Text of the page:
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Homosexual rights vote slated for Orlando council

ORLANDO, Fla. (BP)–Citizens in Orlando, Fla., will have a final chance Dec. 2 to air their views before city council members cast their votes on a proposal to add “sexual orientation” to the city code. Council members voted 4-3 Nov. 18 in favor of the homosexual rights proposal in the first of two votes needed for passage.

Among those gathered to speak out at the Nov. 18 meeting was Jim Henry, pastor of the 10,000-plus-member First Baptist Church in Orlando.

“I was disappointed with this initial vote,” Henry told Florida Baptist Witness. “And disappointed in the representation from our Baptist leaders and laity.”

Henry said although other denominations appeared to be well represented at the meeting, there appeared to be few Baptists. He said he hopes for better attendance at the Dec. 2 meeting.

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The proposal, if adopted, will add the words “sexual orientation” to an existing human rights ordinance, making it illegal to discriminate against homosexuals in hiring, renting and accessing public accommodations. It would give homosexuals a protected class status similar to minorities, women and people with disabilities.

Alan Chambers, executive director of Exodus International, North America, told the Witness both sides arrived hours before the 2 p.m. start of the Nov. 18 meeting, where 75 citizens spoke before the council until the session ended after 9. Exodus is an interdenominational nonprofit Christian organization which promotes the message of “freedom from homosexuality through the power of Jesus Christ.”

Chambers said the 20 people he lined up to speak were “clear, concise, compelling and redemptive. We had the facts and spoke lovingly.”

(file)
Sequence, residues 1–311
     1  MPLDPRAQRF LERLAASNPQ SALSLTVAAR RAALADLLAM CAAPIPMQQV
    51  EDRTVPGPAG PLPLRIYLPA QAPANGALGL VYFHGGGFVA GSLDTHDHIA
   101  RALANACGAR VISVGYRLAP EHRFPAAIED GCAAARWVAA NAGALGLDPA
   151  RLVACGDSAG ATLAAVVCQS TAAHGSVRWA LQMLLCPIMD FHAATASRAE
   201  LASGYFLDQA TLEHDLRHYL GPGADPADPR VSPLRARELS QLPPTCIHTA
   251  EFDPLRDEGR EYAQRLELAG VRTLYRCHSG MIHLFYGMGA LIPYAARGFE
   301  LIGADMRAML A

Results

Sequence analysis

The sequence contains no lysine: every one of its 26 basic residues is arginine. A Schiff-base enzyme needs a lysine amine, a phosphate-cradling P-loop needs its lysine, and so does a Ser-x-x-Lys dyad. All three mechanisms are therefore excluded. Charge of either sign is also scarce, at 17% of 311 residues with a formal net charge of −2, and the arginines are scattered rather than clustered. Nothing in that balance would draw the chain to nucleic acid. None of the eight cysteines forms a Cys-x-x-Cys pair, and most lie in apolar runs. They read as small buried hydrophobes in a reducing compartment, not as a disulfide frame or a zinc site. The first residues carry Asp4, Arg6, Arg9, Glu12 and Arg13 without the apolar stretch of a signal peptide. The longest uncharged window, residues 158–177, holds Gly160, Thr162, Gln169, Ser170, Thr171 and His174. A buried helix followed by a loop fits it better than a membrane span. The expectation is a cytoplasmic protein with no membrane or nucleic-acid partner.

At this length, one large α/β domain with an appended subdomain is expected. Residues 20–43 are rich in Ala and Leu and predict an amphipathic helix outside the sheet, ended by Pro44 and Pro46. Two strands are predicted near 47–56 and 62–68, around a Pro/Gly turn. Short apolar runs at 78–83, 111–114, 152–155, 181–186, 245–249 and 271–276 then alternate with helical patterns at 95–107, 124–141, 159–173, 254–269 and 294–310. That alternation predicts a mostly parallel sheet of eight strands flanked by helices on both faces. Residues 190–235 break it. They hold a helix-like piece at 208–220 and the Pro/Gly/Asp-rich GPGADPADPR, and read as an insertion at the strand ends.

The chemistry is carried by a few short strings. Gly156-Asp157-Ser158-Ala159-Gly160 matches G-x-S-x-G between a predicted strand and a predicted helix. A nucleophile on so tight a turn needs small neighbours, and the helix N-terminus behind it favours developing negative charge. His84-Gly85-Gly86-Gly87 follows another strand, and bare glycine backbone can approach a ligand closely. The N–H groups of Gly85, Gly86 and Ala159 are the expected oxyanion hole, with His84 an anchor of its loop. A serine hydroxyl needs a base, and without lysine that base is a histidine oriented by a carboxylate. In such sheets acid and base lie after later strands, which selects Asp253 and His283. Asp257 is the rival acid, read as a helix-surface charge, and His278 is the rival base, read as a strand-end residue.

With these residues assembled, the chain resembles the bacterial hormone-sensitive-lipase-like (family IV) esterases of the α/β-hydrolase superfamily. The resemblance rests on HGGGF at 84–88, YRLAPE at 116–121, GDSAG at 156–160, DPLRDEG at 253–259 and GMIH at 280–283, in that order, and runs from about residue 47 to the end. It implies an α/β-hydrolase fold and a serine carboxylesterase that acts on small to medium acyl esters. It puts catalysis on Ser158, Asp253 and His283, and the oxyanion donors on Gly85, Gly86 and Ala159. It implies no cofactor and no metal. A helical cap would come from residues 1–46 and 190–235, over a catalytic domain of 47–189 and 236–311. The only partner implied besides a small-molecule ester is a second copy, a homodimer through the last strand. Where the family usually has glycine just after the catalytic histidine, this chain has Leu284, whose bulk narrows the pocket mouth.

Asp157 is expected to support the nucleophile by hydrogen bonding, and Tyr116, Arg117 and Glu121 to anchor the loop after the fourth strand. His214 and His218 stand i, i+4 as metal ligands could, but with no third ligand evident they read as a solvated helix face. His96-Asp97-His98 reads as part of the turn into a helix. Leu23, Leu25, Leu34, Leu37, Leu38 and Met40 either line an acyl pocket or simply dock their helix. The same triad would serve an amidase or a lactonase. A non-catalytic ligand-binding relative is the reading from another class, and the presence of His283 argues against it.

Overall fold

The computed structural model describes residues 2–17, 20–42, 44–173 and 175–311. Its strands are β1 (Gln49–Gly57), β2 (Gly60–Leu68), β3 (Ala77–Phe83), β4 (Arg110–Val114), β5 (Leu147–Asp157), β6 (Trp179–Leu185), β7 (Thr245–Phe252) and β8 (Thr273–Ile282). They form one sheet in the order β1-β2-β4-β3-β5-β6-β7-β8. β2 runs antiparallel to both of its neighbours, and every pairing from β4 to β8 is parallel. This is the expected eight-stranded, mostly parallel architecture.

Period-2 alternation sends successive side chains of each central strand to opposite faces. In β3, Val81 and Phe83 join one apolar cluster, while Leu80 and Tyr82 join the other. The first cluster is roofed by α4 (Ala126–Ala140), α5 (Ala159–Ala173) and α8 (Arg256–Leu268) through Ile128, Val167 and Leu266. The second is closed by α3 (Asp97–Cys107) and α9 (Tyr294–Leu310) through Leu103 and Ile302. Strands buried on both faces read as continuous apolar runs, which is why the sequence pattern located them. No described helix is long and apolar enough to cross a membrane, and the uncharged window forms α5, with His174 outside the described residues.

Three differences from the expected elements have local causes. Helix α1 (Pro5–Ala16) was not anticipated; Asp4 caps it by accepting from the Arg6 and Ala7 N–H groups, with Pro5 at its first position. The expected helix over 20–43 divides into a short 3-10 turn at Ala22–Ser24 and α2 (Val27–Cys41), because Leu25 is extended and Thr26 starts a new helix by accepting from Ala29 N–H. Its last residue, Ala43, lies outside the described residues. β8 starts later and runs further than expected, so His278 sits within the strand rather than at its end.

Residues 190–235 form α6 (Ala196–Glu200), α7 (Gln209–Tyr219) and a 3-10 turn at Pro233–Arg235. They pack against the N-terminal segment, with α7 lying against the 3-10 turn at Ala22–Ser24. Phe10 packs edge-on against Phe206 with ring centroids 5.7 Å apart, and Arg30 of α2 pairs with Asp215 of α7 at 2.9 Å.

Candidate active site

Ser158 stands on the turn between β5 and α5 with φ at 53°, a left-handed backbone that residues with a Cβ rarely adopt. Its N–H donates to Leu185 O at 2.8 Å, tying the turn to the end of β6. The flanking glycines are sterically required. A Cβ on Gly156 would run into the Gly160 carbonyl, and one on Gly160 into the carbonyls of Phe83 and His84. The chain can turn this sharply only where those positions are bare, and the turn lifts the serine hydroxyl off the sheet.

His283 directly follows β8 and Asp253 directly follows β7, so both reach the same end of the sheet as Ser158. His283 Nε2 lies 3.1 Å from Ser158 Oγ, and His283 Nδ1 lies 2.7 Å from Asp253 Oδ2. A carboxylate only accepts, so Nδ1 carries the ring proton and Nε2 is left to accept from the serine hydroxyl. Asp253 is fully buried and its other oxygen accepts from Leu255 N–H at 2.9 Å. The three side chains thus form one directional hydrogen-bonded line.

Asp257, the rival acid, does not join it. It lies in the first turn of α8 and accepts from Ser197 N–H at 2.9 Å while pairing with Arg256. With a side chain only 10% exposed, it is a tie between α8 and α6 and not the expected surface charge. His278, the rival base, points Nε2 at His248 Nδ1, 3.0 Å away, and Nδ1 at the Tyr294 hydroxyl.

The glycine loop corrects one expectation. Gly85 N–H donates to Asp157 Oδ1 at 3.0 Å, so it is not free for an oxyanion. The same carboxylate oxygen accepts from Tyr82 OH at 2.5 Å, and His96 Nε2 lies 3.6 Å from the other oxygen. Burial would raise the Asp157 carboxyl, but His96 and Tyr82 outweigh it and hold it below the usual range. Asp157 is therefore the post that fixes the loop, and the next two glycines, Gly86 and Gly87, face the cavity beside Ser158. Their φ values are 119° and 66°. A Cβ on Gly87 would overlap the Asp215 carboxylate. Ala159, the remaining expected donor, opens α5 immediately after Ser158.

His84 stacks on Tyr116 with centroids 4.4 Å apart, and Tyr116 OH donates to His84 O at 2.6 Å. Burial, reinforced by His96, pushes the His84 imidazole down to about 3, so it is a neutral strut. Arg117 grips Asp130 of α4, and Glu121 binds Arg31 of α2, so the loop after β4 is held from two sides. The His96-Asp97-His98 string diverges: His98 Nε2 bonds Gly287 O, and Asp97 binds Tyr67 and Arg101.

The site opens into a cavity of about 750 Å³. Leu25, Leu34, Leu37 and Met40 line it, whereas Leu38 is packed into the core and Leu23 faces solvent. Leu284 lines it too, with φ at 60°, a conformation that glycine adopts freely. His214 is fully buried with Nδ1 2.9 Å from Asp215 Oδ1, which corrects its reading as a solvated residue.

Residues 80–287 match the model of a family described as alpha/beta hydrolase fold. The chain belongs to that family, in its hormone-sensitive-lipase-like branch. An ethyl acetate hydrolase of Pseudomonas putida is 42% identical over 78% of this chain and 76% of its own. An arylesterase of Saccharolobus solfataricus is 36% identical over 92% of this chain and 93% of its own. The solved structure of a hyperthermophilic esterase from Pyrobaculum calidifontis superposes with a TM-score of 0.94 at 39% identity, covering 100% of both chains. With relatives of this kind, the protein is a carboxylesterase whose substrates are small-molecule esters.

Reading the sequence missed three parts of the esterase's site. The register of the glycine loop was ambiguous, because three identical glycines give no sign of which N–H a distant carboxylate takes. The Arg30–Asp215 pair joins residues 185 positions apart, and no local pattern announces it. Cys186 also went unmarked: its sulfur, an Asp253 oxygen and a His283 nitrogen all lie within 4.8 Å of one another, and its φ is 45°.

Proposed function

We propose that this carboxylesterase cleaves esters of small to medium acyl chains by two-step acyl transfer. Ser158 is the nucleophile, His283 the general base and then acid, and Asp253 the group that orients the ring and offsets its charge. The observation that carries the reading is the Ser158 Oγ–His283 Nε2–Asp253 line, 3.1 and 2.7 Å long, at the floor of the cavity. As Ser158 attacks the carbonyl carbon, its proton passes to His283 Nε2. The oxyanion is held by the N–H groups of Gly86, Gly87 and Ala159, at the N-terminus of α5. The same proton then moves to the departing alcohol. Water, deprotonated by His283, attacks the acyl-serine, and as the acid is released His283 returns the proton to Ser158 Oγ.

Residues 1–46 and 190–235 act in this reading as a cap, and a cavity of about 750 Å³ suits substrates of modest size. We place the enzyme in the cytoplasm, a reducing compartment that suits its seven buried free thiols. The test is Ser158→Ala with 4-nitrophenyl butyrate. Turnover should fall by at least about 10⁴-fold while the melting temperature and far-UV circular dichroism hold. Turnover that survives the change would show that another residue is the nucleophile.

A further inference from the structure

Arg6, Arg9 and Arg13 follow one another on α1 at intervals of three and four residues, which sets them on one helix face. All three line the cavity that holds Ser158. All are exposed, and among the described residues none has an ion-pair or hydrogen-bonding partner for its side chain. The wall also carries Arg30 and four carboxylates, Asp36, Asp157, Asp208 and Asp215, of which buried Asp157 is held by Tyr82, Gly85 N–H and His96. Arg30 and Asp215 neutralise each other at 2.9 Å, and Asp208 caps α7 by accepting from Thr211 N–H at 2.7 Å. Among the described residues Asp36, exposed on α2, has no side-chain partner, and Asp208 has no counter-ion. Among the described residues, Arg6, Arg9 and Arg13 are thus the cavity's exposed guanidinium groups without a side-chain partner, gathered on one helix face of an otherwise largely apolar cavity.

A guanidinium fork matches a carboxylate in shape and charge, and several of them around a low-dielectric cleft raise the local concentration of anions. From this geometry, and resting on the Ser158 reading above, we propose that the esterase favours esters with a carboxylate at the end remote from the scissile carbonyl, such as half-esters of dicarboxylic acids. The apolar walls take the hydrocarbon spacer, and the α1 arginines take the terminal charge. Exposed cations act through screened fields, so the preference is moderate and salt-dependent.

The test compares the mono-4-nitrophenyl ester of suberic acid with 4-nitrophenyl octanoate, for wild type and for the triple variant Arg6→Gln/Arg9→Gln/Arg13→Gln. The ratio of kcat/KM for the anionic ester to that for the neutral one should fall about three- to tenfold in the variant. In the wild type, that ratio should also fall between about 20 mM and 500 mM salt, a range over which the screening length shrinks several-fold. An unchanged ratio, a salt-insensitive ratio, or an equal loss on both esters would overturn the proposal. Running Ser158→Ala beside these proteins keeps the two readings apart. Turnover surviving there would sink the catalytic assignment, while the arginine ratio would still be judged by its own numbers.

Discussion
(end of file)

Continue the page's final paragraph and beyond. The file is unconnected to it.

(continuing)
Despite frequent comparisons of homosexuals to racial minority groups, this issue “absolutely did not mirror the fight for civil rights in the ’60s,” a number of African American speakers testified, according to Chambers.

In a statement to the council, Henry said: “I have tried to stand on historic lifestyle choices that reflect our Creator, while giving room to these who do not. … I believe there is a great middle where the average citizen stands in this community concern, where we want to have an environment fair to all, but not preferential to any.”

In a separate statement to the Witness, Henry said: “I think the large percentage of Christians, Jews, Muslims and others who hold common moral grounds believe it to be in the best interest of the neighborhood to vote ‘no’ on this amendment. It is a bridge too far.”

Chambers told the council, “I am not anti-gay or homophobic. I am opposed to special rights for homosexuals, just as I am opposed to special rights for heterosexuals, smokers, or any group of people who want protections based on their behavior. The debate today isn’t over how one chooses to live their lives…. The debate is over whether behavior should be protected under the law.”

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The issue first surfaced in May 2001 when a citizen’s group, the Orlando Anti-Discrimination Ordinance Committee, requested a review of the human rights ordinance by the city’s human relations board. After an April 16 public hearing, the board proposed the change to the city council.

The council met several times earlier this year before proposing the ordinance. Since then, the city received more than 8,700 letters, e-mails and faxes regarding the ordinance, reported Susan Blexrud, Orlando’s director of communications. Most of those in favor of the amendment live within the city limits of Orlando.

Mathew Staver, president and general counsel of Orlando-based Liberty Counsel, urged citizens to petition Mayor Glenda Hood to exercise her veto power and Commissioner Ernest Page to reverse his vote. Staver said Page is beginning to receive “a groundswell of opposition form the African American community” against the amendment. Voters can send e-mails directly to Hood and Page from Liberty Counsel’s website www.lc.org.
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